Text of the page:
See how very much our heavenly Father loves us, for he allows us to be called his children, and we really are! But the people who belong to this world don't know God, so they don't understand that we are his children. 2Yes, dear friends, we are already God's children, and we can't even imagine what we will be like when Christ returns. But we do know that when he comes we will be like him, for we will see him as he really is. (1 John 3:1-2 NLT)

I was deeply moved as I watched a documentary about twin brothers. They had decided to undergo experimental surgery which they hoped would reverse the blindness caused by an inherited eye disease. Although they'd been able to see at birth and for several years thereafter, retinitis pigmentosa had gradually robbed them of sight. In fact, many years had passed since either had seen his own face.

As the brothers talked together prior to their surgeries, both said they wanted to see the faces of their loved ones most of all. One of the brothers also said, "I hope I can see grass again. I know it's out there. I can feel it and smell it, but I can't see it."

The other said, "I want to see the stars again."

As they talked about all the things they longed to see, the thought of being able to do so filled them with such emotion that they could scarcely speak.

During the agonizing days of waiting to find out if the surgeries had been successful, one of the men said he wanted to see the face of the surgeon.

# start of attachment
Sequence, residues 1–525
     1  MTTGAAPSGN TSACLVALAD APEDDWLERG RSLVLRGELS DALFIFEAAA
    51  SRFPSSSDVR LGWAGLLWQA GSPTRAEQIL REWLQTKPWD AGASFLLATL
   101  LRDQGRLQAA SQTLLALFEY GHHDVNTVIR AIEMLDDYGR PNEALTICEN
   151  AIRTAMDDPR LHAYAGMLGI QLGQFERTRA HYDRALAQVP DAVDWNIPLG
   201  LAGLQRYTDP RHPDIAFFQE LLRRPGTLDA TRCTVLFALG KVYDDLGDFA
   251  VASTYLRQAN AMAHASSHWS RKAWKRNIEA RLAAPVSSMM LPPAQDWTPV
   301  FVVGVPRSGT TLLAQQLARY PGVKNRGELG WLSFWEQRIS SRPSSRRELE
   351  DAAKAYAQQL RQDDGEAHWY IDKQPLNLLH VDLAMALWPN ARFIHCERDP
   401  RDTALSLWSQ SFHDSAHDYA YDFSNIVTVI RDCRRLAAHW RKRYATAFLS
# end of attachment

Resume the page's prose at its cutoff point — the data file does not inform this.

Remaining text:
The day he was able to do so, he began to cry. "I've never seen an angel before," he whispered.

Others who have been given another chance at life feel the same way. They, too, use the word "angel" to describe the one who came to their rescue. Whether they were pulled from raging waters or carried from a burning building or given a kidney or shown some other kind of mercy, they feel as if an angel sent from God did for them what no one else could or would do. Anyone who has received such life-changing help wants to see and thank the "angel" who came to his or her aid.

Christians feel that way about Jesus. That's why we love to sing such songs as Carrie E. Breck's "Face to Face" and Andrae' Crouch's "Soon and Very Soon."

When we see Him face to face ...
And we love to read the Scriptures on which the hymn writers based their lyrics. For example, the last chapter of the last book of the Bible (Revelation 22) assures us that one happy day we will indeed see our Savior's face. We will look upon the One to whom we owe our very lives, upon the One sent to earth by God in order to seek and to save those who were, so to speak, on "death row," having no hope of escaping the death sentence that had been given to them because of their sins.

When we see Him face to face, we'll be ever so glad to finally be able to tell Him how thankful we are that He saved us.

Until that time, we'll have to be content with talking (praying) to Him. But as we wait to see Him face to face, we can express our gratitude in another way. We can tell others about the wonderful Savior who came into our lives and changed the very course of our earthly existence and the eternal one that is to come.

Since the salvation Jesus provided for us is far more significant than the restoration of physical sight that the twin brothers received from their "angel," how can we keep silent about it? They didn't keep silent about their miracle, so why should we? In fact, how can we help but tell others about the One who gave us a new kind of life?